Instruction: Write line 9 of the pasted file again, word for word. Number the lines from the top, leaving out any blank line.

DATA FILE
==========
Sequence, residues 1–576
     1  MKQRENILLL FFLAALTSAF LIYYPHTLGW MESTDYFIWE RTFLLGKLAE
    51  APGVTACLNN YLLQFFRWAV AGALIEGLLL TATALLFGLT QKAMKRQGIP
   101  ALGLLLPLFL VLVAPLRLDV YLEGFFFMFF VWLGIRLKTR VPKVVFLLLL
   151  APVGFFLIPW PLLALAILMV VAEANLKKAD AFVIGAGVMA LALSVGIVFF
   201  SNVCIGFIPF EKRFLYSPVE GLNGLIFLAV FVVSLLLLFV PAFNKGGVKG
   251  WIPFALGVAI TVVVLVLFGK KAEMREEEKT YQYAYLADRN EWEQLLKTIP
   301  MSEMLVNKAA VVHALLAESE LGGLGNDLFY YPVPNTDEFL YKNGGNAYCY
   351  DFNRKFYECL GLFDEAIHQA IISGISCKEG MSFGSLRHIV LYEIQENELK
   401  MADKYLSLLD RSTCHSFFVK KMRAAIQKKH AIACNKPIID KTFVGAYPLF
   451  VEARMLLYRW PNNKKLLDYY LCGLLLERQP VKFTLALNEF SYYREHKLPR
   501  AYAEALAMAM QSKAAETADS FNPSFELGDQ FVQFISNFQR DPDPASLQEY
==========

   351  DFNRKFYECL GLFDEAIHQA IISGISCKEG MSFGSLRHIV LYEIQENELK